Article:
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SA Banks gets boost from Fitch ratings despite Omicron surge

Published Dec 28, 2021


CAPE TOWN - The IMF may have reservations about South Africa’s lack of progress in the implementation of economic reforms and continued weaknesses in state-owned enterprises (SOEs) as highlighted in its latest Article IV Consultation earlier this month. But at least the South African banking sector is holding its own despite the resurgent Omicron variant of Covid-19.

In New Year cheer, the banking sector got a boost from Fitch Ratings on December 21, when the agency revised its outlook on the Long-Term Issuer Default Ratings (IDRs) of the country’s top five banks including Absa Bank, FirstRand Bank, Investec, Nedbank and Standard Bank to stable from negative and affirmed the IDRs at “BB-”.

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The rating action was necessitated following a similar revision of the outlook on sovereign South Africa's Long-Term IDRs to stable from negative and affirmation of its IDRs at “BB-” a week earlier.

“All things being equal,” says Mahin Dissanayake, senior director and primary rating analyst at Fitch Ratings.

“We believe 2022 will be a continuation of 2021. The recent outlook revision (to stable) on the banks’ ratings reflects our view that downside risks from the sovereign and the South African operating environment have receded, which in turn takes pressure of the banks’ ratings.”

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Despite continuing operating environment challenges like slow GDP growth, low interest rates, the fallout from the pandemic (and Omicron) and political/policy uncertainty, Dissanayake says: “Banks will generate sufficient earnings and profitability which should entail good loss absorption capacity. We also believe asset quality will continue to deteriorate, albeit slowly, and within tolerance levels of the ratings.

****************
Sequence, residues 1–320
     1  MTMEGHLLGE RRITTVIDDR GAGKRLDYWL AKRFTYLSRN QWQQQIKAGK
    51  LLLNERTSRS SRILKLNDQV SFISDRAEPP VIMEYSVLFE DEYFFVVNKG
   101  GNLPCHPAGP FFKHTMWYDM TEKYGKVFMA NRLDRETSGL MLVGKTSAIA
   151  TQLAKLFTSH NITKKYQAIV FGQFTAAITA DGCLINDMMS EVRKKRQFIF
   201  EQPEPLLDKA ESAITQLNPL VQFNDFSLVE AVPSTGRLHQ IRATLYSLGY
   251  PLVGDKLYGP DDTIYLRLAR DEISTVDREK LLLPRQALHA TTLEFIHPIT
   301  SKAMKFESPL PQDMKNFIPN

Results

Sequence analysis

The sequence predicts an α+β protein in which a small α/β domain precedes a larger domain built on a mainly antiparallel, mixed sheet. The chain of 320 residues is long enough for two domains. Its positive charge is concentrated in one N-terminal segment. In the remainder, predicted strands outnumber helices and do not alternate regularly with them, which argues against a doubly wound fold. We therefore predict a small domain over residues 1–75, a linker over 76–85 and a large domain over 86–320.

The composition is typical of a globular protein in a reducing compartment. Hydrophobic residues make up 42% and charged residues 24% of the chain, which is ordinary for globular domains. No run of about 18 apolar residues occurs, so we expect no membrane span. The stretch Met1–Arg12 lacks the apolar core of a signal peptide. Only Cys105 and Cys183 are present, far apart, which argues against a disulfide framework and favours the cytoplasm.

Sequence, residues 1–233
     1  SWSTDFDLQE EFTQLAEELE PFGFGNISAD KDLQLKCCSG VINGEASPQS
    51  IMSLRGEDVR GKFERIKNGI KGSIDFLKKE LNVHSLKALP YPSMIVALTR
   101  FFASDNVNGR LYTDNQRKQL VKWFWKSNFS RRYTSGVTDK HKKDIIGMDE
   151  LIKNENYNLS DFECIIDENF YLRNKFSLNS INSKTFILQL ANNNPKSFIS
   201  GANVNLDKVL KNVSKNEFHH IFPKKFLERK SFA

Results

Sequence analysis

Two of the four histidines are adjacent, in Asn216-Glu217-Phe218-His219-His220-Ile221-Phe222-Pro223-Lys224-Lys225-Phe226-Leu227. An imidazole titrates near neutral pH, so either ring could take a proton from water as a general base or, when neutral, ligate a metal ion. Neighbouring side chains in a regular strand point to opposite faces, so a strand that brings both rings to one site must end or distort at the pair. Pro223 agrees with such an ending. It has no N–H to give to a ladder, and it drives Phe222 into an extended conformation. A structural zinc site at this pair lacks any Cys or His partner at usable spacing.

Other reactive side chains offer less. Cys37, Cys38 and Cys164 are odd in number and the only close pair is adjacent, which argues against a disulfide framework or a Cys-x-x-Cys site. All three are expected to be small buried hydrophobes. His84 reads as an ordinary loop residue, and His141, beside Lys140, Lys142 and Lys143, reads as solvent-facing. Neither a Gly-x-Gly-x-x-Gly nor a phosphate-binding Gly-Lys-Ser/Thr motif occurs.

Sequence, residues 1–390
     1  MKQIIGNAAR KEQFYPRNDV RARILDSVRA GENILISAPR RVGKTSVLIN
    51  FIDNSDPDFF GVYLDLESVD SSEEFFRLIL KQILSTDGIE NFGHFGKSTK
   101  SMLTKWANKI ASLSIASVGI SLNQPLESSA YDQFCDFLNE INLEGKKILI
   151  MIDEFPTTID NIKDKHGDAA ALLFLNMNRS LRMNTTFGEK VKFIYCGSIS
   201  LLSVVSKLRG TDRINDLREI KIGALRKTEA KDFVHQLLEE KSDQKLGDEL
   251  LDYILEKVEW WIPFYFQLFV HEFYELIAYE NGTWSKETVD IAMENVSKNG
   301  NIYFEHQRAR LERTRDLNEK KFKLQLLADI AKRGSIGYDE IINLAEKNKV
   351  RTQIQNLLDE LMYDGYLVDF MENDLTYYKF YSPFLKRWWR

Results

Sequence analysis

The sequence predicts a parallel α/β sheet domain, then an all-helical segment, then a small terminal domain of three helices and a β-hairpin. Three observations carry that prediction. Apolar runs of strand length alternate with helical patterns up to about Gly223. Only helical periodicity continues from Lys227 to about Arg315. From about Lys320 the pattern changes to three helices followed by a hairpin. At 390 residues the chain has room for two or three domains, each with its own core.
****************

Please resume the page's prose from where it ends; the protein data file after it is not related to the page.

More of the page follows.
“We also gain comfort from the banks’ solid capitalisation and our expectation that downside risks to capital have eased. Funding and liquidity continue to be solid.”

However, the bane of the South African banking sector is that its ratings will always be beholden to their sovereign’s rating. The South African banks, according to Fitch, are constrained by the sovereign because their business activities are concentrated in South Africa and they hold significant exposure to the South African government, mainly through their holdings of government securities.

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The good news is that excluding the sovereign constraint, South African banks have notable fundamental credit strengths.

International gatekeepers such as the IMF, World Bank and the major rating agencies always refer to the fundamental soundness of the South African financial sector and the robust regulatory regime of SARB (South African Reserve Bank). This is despite some questions over the central bank’s future operational independence away from political interference that seek to align SARB’s policies with that of the redistributive economic objectives of the ruling ANC coalition.

To what extent have the banks held their own in the Covid-19 (and Omicron) impacted 2020/21 era?

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“Our belief remains justified,” says Fitch’s Dissanayake.